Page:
There was a very interesting interview on The Colbert Report on Monday, Jan 17th with MIT Professor Sherry Turkle on Social Media and how we should consider forming some basic guidelines on when to use Social Media and when to put the phone/computer away and direct all your attention on the person or task at hand. Please watch this interview here:
(Be sure to select the Jan 17th Episode)
Now, the premise of the interview was to explore issues from Sherry’s new book, “Alone Together: Why we expect more from Technology and less from each other“. Stephen Colbert was quick to try and “nail” his guest, using his character and clever wit to catch this author out. Sherry Turkle made many great points in the interview about how the rise of Social Media has invaded personal spaces (checking an iPhone at a funeral?) and that the frequency and simplicity of Social Media has ‘dumbed down’ or reduced our interaction to tiny bites, rather than whole conversations.
There are many interesting ways to look at this, and Stephen Colbert did challenge Sherry Turkle on many assumptions, one good point he made was that many small interactions can be as good as one medium interaction, or no interaction at all. We do get to know each other through these ‘micro-interactions’ on social media spaces. It does, however, take longer to end up at the same space we might get to a lot sooner through focused conversation. This sparked excellent dialogue and discussion between Sherry and Stephen, which ultimately proved Sherry’s point! The debate and detailed discussion they were able to have would have been very difficult over Twitter, limited to only 140 characters!
So, what can we take away from this? Well I think its important to remember to put that smartphone away when you have someone or something in front of you that wishes to engage, or needs to get done! Just because you can jump online and tweet about something, does not mean it can’t wait 20 mins until you have the moment to step away from the conversation or activity you are currently involved in.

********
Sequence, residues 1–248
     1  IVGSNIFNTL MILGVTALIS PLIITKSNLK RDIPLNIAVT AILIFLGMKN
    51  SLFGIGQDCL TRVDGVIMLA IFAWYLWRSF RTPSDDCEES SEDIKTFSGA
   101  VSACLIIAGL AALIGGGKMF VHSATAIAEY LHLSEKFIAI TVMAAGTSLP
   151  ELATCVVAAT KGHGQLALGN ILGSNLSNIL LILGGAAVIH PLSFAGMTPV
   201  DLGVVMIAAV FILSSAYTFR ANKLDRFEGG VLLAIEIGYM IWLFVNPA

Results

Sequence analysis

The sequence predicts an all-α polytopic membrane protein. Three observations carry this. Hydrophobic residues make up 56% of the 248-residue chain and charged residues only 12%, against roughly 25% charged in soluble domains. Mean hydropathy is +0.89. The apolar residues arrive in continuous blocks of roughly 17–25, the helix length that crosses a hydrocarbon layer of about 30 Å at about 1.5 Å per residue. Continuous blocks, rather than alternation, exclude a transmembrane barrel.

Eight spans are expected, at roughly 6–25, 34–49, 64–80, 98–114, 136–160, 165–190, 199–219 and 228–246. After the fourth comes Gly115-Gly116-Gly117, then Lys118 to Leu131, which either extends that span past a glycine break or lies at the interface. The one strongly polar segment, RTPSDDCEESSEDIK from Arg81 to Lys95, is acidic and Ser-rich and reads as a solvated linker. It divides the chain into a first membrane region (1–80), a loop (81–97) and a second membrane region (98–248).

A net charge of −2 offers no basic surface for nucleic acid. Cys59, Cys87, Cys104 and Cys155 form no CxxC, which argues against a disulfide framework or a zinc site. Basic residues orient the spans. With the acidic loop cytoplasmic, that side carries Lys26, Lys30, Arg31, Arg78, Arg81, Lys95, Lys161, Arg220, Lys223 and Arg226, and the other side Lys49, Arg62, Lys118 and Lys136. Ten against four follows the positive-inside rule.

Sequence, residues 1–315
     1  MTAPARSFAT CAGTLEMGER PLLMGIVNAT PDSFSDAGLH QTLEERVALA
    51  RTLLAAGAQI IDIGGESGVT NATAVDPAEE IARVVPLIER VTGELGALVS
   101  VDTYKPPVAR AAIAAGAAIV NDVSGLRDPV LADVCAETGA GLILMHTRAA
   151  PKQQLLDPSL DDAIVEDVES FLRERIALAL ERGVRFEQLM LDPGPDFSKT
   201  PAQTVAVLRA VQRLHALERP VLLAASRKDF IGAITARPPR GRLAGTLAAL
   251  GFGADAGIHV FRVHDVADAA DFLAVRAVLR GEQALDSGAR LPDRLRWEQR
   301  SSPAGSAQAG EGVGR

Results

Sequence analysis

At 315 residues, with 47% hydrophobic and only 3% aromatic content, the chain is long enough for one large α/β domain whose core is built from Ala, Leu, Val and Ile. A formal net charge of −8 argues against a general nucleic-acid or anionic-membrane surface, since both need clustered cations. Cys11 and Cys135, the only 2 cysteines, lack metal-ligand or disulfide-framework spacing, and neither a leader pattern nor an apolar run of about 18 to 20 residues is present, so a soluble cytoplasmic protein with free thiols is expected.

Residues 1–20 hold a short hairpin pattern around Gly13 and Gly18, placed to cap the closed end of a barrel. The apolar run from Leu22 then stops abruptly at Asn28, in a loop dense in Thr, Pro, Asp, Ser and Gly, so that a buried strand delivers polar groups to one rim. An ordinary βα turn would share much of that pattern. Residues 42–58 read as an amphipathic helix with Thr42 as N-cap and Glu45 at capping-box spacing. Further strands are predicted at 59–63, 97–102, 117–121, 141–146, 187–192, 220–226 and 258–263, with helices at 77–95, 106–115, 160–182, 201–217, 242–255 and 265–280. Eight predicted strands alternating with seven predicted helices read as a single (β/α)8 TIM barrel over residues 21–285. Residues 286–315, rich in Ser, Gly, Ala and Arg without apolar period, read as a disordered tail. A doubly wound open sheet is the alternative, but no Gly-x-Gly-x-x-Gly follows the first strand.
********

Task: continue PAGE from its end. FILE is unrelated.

We should contine using Social Media, this is certain. We just need to learn new protocols on when to fully immerse and when it is ok to “check out” from whats in front of us, and into our phones/computers/social networks. We also need to accept that we cannot do it all at the same time! Multi-tasking may sound nice, but it’s really only dividing up a small amount of attention to multiple things, where everything and everyone suffers a little bit. Lets not be “Alone Together” like Sherry Turkle talks about. Lets engage with each other offline when we are in each other’s presence. Lets engage online when we are away from each other! Give the people around you the attention they give you, and we will all do allright.